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Author Topic: Bad Etiquette to Accept Waitlist Option But Later Decline Acceptance Offer?  (Read 820 times)

RCrews

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There are two schools that I am very interested in attending, one I was accepted to and the other I was waitlisted. The waitlisted school is ranked in the 30s while the other (accepted school), in a different state, is ranked in the low 70s.

My question is, would it be considered bad "etiquette" to send in the "put me on the waitlist" form if I am not 100% sure I would accept if accepted?

As I mentioned, I really like both schools. The one I was accepted to is local and I am familiar with it. The other (waitlisted school) I have not visited yet, but it has a strong program in an area of law I am interested in and is ranked more highly.

Also, I got to thinking...if I went to the school I am curently accepted to and later found I was not happy and wanted to transfer to this other school, would my chances be better if I was actually accepted now? I ask in part bkz I have seen some transfer forms that ask: "Have you ever applied here before. If 'YES', what was the outcome?" (some even state that if previously rejected there must be new, substantially improved achievments/material).

If I DID send in my Waitlist Form, and was accepted, and then accepted their offer while I briefly investigated the school--but later politely declined the offer (in favor of my more local school) ...would my chances be better down the road in the transfer process (for having been accepted the year earlier) or would I have burned a bridge?

Thank you very much for your help!

Pugnacious

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It might not be the best etiquette but people do it all the time. Think about it this way: you could hypothetically be on 2 waitlists (lets say School A and School B), and get off one of them (A), accept the offer to go there, and then get in off the other waitlist (B) and decide to go there instead. You'd then have to tell the school A that you aren't coming after all. It happens all the time, and it sucks, but then again so does being waitlisted.

Hope that made sense. I realize it's not the same situation but I am just trying to say that this is not uncommon.
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Pugnacious

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Just re-read your post. I think if you plan on transferring that may get tricky. They might wonder why you got in but chose not to go there. IMO it might be burning bridges.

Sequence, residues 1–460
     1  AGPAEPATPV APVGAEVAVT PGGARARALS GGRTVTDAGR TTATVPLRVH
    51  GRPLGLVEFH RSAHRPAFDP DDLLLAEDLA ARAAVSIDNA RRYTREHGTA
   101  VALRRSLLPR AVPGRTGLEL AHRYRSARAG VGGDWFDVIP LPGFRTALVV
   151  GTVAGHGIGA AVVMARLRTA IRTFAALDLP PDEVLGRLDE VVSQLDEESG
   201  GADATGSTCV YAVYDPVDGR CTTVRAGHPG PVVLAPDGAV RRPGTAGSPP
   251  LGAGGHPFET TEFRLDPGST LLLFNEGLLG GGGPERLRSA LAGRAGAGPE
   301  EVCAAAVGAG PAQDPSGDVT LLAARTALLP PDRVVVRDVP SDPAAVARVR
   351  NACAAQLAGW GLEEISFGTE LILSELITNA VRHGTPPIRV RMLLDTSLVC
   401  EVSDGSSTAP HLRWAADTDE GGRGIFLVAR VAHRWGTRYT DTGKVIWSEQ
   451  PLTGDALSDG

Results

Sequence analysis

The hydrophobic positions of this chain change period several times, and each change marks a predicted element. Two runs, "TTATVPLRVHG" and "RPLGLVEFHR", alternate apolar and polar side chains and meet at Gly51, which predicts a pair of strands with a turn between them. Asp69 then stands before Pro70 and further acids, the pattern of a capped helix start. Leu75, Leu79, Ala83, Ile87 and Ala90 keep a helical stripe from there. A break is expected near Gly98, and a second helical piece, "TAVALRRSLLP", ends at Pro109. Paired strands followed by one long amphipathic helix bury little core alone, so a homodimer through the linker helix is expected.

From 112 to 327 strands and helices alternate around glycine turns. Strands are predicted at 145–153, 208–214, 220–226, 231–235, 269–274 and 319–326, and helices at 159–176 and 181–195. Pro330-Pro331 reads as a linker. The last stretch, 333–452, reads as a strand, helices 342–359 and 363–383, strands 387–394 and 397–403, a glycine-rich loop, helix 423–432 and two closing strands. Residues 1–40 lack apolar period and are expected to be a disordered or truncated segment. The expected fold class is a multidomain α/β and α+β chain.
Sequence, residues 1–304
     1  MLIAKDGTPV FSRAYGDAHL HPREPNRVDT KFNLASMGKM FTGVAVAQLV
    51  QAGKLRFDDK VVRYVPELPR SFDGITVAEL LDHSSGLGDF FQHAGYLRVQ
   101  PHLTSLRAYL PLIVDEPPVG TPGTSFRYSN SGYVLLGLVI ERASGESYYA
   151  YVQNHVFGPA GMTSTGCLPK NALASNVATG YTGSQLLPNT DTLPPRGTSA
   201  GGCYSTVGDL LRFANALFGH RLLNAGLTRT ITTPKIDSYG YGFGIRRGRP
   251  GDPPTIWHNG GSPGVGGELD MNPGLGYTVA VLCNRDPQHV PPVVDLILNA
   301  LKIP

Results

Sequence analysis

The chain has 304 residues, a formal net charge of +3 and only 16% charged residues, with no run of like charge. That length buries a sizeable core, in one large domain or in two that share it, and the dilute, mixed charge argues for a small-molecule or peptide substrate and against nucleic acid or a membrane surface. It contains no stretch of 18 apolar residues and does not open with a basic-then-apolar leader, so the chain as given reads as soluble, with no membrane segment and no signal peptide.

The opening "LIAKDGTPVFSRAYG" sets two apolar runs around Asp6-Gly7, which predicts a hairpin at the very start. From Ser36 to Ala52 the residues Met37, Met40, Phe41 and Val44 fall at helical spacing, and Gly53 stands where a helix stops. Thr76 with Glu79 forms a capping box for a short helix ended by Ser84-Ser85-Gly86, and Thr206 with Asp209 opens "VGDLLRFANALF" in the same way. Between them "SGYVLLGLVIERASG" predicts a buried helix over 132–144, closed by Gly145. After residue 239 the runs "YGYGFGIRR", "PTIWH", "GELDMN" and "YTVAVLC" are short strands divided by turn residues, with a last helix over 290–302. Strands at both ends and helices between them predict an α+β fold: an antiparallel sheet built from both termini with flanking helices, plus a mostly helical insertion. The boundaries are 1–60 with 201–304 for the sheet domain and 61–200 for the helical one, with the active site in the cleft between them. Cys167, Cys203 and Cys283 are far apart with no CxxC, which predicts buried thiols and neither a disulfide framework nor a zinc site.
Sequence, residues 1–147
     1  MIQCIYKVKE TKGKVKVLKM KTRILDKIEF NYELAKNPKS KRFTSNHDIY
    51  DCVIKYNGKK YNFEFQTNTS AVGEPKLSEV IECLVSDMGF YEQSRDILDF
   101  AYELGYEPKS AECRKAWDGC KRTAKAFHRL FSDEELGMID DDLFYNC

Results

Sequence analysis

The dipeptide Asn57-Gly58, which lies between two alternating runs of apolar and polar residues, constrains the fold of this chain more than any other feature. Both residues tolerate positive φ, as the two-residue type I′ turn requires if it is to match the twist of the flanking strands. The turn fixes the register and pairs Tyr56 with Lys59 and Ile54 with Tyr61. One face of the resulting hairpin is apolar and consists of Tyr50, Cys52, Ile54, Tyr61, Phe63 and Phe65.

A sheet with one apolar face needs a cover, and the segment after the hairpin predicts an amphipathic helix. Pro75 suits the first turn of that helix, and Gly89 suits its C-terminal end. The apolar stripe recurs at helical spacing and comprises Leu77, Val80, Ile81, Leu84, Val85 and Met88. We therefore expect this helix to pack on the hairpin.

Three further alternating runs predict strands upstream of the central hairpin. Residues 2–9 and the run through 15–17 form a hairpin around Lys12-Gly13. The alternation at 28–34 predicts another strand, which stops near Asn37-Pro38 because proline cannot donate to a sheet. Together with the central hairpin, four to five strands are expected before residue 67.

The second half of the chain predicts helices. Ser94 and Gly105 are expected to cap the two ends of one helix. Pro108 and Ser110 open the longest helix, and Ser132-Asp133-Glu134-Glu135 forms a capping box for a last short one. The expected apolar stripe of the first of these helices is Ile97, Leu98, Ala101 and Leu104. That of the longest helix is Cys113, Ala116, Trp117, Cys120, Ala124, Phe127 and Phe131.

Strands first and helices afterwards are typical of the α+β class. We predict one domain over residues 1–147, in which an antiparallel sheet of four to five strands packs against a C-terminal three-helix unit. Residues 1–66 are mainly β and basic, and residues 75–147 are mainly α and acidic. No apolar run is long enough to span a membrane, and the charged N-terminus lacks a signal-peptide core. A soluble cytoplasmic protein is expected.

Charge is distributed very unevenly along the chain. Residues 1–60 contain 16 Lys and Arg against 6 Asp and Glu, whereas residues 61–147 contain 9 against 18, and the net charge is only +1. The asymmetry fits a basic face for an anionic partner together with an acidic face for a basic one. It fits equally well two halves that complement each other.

Dare I ask: if you are already contemplating transferring, then why not just accept if you make it off the WL? Wouldn't it be easier to transfer down to your local school?
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slacker

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Does the waitlist option say that you must accept if you get the opportunity? If so, it would be bad form. If not, then go with both.

As far as the transfer, I'm not sure that being waitlisted gives you any sort of an advantage or any sort of a detriment. I do know that you can't count on transferring. After all, that's something that needs to be backed up with grades, generally, and you probably have a 90% or more of people who expect to be in the top 10-20%.

puncherofdonkeys

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I agree with Slacker; I don't think you getting accepted to your 'backup plan/transfer' school will hurt or help.  Though I'm guessing it would be the latter.

Let's be honest, they've been through approximately one trillion applications (give or take a few billion) and unless your response includes references to the dean's mother and is written in crayon, they probably won't remember you specifically.

If for some non-crayon reason they do; you can always spin/explain your original thought-process when answering the 'have you applied here before' question.  You wanted to stay local, but now believe Other School's program best fits your needs.  Of course you could just kick ass your first year at the higher-ranked, local school and leave the other one very little reason not to accept you as a transfer.

I'd apply for the waitlist; maybe if that school sees you're accepted to a higher ranked one, you can use that to your benefit.  These schools know the game and unless the WL school's overly sensitive, you'd have to do something extreme to burn that bridge.
Good luck.